May 6th-12th marked National Nursing Recognition week. To honor these events, Pomegranate Health Systems (PHS) celebrated with a reception Friday afternoon. According to Director of Nursing, Kris Brown, RN-BC, MS, “We celebrated our hard work with chocolate dipped strawberries, gourmet cake bites, sandwich wraps, and soft drinks.” The American Nurses Association (ANA) says, “National Nurses Week is celebrated annually from May 6, also known as National Nurses Day, through May 12, the birthday of Florence Nightingale, the founder of modern nursing.”
Pomegranate provides 24/7 nursing services for its residents. Nursing services includes a physical assessment and medication management. “Our nurses are an integral part of the multidisciplinary treatment team”, states Kris. “Our nurses have to be astute in assessing for any medical issues as well as the mental status of our residents. History taking, direct observation, and monitoring of lab results are just a few of the tools we use.” Angela Nickell, CEO adds, “This is a strong benefit to what we provide; we find our nursing team to be an essential component of Pomegranate.”
The publication, Psychotropic Medication and Children in Foster Care: Tips for Advocates and Judges (JoAnne Solchany PhD, ARNP of the ABA Center on Children and the Law) outlines 3 common types of symptoms of mental health disturbances in children. The categories include behavioral, affective/emotional, and bio-behavioral. Behavioral symptoms include excessive crying, aggression, self-abuse, destruction of property, defiance, inability to manage behavior in a classroom, suicidal attempts, and severe tantrums. Affective/emotional symptoms include profound sadness, lack of eye contact, no or few expressions of joy, lethargy, and suicidal ideation. Bio-behavioral symptoms include poor sleep, appetite changes, and regressive behaviors such as incontinence, distractibility, low motivation, and social isolation. For more information go to:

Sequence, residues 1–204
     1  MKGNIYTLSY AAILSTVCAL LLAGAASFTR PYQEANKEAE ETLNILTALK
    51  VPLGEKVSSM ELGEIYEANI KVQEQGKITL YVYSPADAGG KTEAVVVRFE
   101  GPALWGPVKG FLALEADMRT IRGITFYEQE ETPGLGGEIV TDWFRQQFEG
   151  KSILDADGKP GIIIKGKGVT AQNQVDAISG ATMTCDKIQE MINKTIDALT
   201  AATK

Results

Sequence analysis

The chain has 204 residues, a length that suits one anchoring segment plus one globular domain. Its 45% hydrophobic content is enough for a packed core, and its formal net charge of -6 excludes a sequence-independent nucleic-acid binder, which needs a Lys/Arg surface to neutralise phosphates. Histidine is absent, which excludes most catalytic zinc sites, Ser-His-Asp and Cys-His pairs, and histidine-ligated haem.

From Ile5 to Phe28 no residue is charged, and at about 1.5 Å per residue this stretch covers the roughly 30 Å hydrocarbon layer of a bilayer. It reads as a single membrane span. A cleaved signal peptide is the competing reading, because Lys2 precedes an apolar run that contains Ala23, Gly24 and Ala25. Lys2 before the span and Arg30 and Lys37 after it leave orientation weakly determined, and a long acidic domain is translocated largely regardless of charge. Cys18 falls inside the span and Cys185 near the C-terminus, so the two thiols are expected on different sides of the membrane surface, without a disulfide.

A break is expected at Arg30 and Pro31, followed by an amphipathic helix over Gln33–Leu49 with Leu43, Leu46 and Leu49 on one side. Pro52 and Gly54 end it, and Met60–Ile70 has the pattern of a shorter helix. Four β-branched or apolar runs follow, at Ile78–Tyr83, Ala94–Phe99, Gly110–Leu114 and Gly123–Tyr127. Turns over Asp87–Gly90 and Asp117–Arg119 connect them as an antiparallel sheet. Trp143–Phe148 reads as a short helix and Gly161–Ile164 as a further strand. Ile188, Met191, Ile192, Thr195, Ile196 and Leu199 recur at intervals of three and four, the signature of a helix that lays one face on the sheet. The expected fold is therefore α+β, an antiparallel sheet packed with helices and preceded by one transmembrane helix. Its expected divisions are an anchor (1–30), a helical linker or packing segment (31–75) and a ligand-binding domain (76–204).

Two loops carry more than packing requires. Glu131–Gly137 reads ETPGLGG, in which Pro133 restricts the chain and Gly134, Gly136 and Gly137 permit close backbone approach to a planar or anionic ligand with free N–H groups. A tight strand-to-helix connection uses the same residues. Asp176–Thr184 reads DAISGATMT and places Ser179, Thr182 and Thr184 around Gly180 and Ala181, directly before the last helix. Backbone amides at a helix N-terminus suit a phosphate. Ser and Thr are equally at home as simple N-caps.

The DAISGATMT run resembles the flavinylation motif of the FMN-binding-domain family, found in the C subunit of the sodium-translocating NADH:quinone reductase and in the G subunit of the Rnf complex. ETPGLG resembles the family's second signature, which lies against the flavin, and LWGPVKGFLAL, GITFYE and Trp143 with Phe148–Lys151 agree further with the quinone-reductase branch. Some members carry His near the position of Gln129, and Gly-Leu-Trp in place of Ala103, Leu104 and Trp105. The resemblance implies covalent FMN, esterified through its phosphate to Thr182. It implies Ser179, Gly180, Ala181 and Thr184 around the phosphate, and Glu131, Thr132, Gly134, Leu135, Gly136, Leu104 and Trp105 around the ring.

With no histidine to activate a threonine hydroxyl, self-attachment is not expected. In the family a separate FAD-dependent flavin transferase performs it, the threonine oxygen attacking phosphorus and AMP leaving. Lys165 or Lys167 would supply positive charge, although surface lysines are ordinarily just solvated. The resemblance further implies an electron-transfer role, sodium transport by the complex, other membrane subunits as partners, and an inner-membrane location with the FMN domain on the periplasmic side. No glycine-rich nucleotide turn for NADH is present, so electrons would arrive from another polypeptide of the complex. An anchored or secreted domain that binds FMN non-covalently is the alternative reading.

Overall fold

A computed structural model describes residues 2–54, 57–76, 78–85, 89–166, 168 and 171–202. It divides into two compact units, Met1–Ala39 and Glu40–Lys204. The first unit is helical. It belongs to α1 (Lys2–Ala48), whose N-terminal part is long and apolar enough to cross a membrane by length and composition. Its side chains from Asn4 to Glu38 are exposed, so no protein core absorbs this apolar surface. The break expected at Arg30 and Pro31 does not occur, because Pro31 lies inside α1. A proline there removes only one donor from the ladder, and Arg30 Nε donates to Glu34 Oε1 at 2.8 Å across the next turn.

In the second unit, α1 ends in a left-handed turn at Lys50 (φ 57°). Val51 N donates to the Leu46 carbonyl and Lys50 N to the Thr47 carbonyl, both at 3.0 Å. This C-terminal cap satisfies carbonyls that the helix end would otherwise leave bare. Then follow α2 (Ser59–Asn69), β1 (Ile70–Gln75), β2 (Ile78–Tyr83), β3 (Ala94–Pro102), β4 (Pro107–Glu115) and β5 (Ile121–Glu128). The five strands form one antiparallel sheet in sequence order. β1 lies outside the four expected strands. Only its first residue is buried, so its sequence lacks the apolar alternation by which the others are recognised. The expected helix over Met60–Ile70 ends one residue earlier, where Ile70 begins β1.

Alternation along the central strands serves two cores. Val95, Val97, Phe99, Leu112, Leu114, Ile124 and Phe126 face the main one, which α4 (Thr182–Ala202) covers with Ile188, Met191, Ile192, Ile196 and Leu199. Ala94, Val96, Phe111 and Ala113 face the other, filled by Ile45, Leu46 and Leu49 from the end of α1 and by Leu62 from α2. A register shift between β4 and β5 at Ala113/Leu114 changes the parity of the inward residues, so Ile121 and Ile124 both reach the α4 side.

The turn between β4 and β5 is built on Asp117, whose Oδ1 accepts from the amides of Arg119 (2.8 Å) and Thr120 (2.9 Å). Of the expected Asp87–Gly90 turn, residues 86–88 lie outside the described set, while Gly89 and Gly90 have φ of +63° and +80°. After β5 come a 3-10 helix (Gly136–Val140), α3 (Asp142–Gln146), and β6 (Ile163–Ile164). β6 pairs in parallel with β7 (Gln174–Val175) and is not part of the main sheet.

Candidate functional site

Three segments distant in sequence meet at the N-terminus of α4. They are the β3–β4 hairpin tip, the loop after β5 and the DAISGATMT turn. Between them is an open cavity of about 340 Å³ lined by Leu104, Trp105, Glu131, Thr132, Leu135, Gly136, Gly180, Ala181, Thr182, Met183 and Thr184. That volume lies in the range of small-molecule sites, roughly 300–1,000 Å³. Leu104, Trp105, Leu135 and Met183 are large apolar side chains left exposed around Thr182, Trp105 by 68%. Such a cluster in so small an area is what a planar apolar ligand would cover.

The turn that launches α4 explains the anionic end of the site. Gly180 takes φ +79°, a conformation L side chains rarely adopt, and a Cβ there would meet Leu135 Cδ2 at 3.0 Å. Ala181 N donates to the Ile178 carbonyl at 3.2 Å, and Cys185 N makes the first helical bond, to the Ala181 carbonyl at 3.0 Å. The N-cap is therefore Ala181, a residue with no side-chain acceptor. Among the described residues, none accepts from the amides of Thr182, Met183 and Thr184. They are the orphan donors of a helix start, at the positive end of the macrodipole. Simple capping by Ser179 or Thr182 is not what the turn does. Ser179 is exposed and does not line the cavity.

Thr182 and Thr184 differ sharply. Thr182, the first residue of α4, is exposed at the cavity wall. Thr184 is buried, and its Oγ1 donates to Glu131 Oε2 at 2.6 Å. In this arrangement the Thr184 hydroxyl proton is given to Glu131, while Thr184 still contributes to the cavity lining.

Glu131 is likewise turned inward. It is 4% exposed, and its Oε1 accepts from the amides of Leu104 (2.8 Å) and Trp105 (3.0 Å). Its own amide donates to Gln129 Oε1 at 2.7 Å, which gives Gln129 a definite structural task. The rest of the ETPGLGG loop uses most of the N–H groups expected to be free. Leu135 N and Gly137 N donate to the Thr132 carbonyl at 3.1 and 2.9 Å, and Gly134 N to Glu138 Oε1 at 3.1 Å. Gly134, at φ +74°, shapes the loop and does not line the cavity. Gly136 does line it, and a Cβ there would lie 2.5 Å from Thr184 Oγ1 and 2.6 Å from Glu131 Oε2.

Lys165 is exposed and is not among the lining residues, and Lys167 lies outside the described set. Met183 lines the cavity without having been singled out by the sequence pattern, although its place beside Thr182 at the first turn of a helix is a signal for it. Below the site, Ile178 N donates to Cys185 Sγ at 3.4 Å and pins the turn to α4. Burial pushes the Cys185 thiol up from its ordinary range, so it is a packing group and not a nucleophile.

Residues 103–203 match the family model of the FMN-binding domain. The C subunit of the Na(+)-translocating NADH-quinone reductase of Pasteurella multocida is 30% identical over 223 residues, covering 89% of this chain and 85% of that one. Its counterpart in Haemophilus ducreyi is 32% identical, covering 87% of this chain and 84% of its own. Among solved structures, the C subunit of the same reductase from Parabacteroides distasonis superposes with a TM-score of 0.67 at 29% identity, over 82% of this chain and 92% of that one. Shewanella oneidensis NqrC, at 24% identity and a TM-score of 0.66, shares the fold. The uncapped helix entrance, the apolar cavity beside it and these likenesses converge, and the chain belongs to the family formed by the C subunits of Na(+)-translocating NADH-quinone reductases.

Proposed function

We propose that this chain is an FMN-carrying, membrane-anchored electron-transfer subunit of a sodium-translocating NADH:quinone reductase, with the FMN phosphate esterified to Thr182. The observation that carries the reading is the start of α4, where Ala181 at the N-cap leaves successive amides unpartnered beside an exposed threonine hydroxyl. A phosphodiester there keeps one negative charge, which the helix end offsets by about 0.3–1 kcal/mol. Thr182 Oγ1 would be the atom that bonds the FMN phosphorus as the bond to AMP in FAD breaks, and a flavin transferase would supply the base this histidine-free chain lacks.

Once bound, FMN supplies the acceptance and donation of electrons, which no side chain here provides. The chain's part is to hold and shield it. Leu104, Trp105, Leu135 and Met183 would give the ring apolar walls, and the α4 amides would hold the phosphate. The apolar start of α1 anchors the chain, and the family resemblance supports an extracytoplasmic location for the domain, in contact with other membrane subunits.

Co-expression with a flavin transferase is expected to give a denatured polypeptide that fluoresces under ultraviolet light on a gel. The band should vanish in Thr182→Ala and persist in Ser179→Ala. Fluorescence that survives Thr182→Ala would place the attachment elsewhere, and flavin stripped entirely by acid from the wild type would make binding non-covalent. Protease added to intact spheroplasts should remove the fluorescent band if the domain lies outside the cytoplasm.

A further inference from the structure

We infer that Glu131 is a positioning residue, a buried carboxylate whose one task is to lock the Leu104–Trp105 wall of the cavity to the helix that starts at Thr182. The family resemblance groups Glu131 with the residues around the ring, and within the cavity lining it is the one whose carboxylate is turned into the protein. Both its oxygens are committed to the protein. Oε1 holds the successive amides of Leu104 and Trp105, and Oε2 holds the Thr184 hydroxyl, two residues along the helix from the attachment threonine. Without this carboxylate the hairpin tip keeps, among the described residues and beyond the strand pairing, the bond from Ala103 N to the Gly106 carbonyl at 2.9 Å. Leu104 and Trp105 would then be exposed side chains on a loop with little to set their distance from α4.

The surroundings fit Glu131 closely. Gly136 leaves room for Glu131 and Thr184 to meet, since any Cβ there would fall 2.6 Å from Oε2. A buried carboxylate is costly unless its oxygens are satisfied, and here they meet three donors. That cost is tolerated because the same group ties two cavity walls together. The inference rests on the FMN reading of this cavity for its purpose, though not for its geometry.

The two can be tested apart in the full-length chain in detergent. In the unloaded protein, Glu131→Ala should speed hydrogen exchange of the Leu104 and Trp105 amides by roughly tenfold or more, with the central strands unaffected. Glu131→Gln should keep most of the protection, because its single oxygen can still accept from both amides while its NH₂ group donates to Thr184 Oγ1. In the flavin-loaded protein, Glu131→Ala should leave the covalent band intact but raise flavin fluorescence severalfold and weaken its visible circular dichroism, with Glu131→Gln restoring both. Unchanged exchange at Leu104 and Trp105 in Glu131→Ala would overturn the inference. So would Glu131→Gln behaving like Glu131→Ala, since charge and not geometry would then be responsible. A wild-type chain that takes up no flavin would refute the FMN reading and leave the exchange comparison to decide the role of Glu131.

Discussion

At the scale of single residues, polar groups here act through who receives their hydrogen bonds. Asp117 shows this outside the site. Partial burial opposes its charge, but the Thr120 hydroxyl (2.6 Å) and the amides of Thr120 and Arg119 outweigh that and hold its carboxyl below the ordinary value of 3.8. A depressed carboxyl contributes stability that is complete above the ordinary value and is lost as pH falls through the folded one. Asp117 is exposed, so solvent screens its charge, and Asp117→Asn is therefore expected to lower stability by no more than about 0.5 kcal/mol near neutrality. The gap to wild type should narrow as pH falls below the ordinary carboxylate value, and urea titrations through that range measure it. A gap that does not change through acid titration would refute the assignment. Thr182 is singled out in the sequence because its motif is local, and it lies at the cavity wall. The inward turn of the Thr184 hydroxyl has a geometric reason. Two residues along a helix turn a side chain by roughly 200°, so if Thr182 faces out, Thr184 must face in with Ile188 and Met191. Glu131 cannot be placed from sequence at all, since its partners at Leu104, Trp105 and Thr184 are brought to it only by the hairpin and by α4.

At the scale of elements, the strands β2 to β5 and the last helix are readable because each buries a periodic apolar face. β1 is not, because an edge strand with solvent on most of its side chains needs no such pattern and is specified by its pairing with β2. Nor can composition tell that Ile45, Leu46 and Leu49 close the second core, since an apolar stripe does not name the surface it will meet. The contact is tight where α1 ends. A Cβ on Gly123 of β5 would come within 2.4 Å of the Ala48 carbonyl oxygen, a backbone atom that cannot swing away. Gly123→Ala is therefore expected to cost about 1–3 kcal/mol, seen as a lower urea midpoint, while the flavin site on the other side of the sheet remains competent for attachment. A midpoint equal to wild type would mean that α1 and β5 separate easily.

“With the advent of the new classes of pharmaceuticals for the management of mental and behavioral illness, it’s important to be on top of a teen’s response and adjust dosages so treatment can be accomplished with the minimum amount of medication to help a teen respond better to therapy,” states Dr. Sathappan, Medical Director of PHS. “Our medical, nursing and therapeutic treatment team monitor each patient daily.’ For instance, antidepressant medications help with symptoms of depression and withdrawn behavior. Antipsychotic medications treat thought disorders symptoms such as hallucinations, delusions, and paranoia. Antianxiety medications help control feelings of dread, excessive worry, racing thoughts, irritability, poor concentration, and panic. ADHD medications help a teen with severe inability to focus, aggression, and following redirection. Mood stabilizers are for the rapid mood shifts of bipolar disorders- per the Psychotropic Medication publication. “Each team member brings a special perspective through his or her interaction with the teen; nurses are like the quarterback,” explains Kris.
“Our goal is NOT more medication, but the least possible in the lowest possible dose. We want to help teens with symptoms so they are more capable of engaging therapy for the underlying issues that brought them to us in the first place”, adds Dr Sathappan. “Sometimes we see kids with a history of disrupted placements, several different doctors, and many types of medications layered upon one another. In the interest of the child, it is important to adjust medications methodically to find the right solution for each individual. Our multi-disciplinary team bases decisions on the latest evidence with the best short and long term outcomes”, says Dr. Sathappan. ‘And then, there’s the caring heart which is at the center of nursing, in taking care of every child,’ concludes Kris. ‘We offer a wholistic approach at Pomegranate.’